So, back on the hom front
And when things are lean, I have to admit I am willing to be more flexible than I would otherwise. Mostly that means we have been willing to work with shorter terms than I have in the past. In our state, there is a duration dividing line between places of accommodation (hotels) and real estate, and we make sure to structure what we have to offer as real estate rental, not a hotel. Generally it has not been an issue in the past. Three months has been about the shortest period we have worked with. But with tenants in short supply we have been reduced to the legal limit recently. So we have had a cop who was new to the area and his permanent digs weren't available yet, a research student from Chicago, A med student doing a rotation at the local teaching hospital, an electrician on temporary assignment and next up a Physical Therapist doing a stint at a nearby hospital.
Having this much turnover is a little taxing. Doing reference checks and interviews easily eats a day. And for every one we get to the point of doing references check, we consider/interview another ten. Training a tenant is also part of the over head. Cutting the duration of stay by a third triples the overhead efforts to turn over new tenants. It also triples the losses due to gaps between tenants.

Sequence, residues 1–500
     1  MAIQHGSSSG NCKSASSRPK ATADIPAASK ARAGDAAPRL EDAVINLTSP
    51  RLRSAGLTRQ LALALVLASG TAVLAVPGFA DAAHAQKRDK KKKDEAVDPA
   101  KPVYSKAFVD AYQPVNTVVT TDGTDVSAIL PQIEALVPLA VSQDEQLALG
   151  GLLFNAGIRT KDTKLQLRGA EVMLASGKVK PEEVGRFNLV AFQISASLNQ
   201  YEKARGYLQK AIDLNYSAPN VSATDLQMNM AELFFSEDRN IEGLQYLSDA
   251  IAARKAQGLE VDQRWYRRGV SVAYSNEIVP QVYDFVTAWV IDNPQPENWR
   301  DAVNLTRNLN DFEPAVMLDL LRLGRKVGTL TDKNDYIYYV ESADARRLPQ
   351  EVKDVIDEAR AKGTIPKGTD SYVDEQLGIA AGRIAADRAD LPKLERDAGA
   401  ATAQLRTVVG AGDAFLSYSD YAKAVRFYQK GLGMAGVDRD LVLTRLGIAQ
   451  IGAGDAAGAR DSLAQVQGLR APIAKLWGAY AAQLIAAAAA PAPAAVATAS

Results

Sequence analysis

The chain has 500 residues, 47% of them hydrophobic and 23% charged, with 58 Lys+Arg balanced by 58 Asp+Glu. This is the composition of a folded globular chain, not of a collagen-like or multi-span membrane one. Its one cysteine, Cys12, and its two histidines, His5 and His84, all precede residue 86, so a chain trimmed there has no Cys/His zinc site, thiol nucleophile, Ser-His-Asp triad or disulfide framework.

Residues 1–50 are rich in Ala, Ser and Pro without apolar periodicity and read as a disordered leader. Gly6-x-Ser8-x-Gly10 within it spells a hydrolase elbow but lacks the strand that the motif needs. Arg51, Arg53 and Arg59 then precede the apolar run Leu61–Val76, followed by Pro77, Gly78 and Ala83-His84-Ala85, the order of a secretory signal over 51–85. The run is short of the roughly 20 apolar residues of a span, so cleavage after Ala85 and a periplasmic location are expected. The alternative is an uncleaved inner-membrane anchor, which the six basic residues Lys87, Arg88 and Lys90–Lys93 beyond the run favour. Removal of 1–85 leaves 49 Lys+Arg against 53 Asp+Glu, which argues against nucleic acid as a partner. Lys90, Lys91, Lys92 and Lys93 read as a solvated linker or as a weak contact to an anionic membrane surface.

Short duration has been a choice that worked for us in the past. Short term people come with less baggage. Their foibles are easier to endure because of the limited exposure. Temporary situations like ours can be difficult to find, so people who need it are willing to consider the conditions we place on it. And it's nice to have fresh faces cropping up from time to time.
So, accepting less than optimal terms in times of trial is something we do to endure until things are better.